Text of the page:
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Huggle

noun; blending
an embrace that has the characteristics of both a hug and a snuggle; more than a hug but less than a snuggle An interesting blend, this word describes the action combining a hug and a snuggle—the two parent components. One quirk of the English language, that actually bares some resemblance to Yiddish (which makes sense, the two being Germanic derivates), is the many nearly-synonymous verbs describing degrees of an action. Yiddish has a variety of words describing a person being struck by a blow, English has many describing physically affectionate behavior. The creation of this word resulted from the specific degree displaying by a ‘huggle’ not being adequately conveyed by any of the other single-word forms in use. However, that there are many synonyms restricts the word to the young and the open-minded. Considered too ‘improper’ or ‘cute’ by many adults, it has not spread outside its limited original population.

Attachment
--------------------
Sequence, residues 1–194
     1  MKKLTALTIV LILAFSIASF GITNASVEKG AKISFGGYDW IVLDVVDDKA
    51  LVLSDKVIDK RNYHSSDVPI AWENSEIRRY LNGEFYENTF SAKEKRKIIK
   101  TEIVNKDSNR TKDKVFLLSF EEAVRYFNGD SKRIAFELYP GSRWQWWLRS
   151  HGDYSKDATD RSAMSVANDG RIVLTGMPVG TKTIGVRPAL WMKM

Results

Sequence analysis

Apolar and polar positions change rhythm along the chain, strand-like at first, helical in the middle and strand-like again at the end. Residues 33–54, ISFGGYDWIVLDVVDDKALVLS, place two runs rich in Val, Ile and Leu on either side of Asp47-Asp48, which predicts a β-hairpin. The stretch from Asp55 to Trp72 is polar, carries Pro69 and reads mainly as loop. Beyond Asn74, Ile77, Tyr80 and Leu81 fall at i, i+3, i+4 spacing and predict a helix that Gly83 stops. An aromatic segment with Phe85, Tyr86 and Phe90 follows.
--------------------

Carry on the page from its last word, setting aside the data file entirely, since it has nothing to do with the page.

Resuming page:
I did spend some time with her and get some huggles though, so it's all good.
Etymology : Snuggle, a diminutive of one form of ‘snug,’ a verb entering English in 1583, was combined with ‘hug.’ The latter parent is thought to be of Scandinavian origin, specifically similar to the Old Norse hugga, to soothe. This, though, is uncertain.
Source : Xanga entry
Last modified: 10 June 2008


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